I’d like to talk about dystopian societies for a second. When an author wants us to see a society as bad, it’s best to get that out of the way right off. I don’t expect Cassia to gripe and whine about how unjust everything is right off, she’s steeped in it and should be used to it. But authors can show us, the reader, why their society—or the Society in this case—isn’t a Utopia. Show us the consequences of the forced pairings by showing how unhappy the parents are or show a news story about the increase in murdered spouses. It sets the tone right out the gate which cues the audience to what’s going on. For example, in Soylent Green, it’s quickly established that there’s an overpopulation problem and rampant violence.
Now a skilled author can do a surprise reveal and make it work very well. That’s when the future society looks perfect on the surface or better than our own but it’s revealed that there’s a price to pay. But being as Ally is aiming for the cheap seats, with the straight forward premise that it is, I doubt she has the skill to make that work.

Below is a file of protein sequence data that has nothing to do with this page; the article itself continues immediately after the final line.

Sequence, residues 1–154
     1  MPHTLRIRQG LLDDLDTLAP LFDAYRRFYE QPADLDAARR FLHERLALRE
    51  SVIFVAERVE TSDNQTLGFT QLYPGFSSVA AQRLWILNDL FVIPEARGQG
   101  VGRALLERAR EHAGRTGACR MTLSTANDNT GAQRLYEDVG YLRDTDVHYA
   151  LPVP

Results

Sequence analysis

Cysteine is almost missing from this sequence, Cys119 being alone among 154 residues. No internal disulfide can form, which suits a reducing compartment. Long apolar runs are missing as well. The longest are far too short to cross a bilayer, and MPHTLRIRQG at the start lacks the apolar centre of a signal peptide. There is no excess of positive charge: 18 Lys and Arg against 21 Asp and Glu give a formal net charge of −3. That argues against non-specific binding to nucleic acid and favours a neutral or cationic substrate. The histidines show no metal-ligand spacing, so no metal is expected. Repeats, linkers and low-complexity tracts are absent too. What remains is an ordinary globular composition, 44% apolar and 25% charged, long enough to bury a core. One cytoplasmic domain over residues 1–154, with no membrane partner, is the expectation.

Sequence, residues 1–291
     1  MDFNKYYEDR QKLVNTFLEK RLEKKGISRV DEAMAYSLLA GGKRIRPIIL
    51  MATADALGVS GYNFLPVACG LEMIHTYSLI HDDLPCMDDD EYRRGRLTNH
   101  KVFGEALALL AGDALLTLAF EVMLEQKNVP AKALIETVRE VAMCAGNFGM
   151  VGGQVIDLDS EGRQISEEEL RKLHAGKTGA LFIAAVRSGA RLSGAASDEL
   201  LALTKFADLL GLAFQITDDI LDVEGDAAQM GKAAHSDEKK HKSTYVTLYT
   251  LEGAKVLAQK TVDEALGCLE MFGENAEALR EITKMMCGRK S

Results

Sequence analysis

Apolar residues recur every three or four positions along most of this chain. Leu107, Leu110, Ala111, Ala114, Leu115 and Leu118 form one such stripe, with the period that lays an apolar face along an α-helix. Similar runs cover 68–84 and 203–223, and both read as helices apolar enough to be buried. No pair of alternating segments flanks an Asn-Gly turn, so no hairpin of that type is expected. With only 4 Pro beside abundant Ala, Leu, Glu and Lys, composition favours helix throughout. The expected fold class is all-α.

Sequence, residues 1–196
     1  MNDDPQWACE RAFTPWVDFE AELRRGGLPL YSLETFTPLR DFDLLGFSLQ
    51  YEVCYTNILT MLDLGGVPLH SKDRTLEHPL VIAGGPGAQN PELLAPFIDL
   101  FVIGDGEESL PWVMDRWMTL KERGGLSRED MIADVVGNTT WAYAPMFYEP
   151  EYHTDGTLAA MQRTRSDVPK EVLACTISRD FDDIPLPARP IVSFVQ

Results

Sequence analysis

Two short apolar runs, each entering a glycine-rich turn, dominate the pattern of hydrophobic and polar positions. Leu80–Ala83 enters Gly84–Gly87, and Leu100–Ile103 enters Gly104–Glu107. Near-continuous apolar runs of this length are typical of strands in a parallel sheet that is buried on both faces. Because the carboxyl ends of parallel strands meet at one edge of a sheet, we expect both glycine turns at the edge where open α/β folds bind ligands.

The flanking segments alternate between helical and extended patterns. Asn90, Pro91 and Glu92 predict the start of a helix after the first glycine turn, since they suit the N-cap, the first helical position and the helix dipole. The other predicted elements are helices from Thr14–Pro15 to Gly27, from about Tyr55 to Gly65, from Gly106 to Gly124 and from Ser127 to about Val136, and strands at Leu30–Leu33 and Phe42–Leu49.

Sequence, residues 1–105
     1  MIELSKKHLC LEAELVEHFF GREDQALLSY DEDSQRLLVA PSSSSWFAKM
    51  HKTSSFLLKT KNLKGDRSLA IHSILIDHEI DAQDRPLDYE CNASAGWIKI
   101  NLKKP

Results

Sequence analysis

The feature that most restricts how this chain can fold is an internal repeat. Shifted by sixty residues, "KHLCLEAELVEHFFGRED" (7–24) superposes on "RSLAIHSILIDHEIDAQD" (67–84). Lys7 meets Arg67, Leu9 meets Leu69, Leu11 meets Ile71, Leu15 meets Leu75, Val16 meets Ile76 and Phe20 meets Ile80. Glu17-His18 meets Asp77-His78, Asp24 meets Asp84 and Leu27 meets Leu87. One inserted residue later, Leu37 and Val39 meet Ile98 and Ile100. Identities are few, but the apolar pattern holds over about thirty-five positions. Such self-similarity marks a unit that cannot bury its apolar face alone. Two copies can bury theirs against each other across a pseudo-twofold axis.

We begin with a cryptic paragraph about Cassia wondering what her dreams look like on paper. Then she removes some sensors from her head and complains about how it hurts to peel them off of the back of her head. From what she says, we’re supposed to gather that “the Society” monitors dreams. Because that’s not only possible, it’s also useful. Hey Ally? Do they also watch the skies and note down any Reindeer aerial activity?
Seriously, what would monitoring people’s dreams tell them? Dreams aren’t a conscious thing so it’s not like people who’d rebel are going to maintain a mask which only falls when they’re asleep. ‘Ah ha! We have a code six in sector seven!’ ‘No! You can’t mean…’ ‘Yes, they’re dreaming about flying over the ocean.’ ‘My god. That monster.’ ‘Prepare the Lemur cannon and have a cleaning squad at the ready. Tell them to leave no one alive.’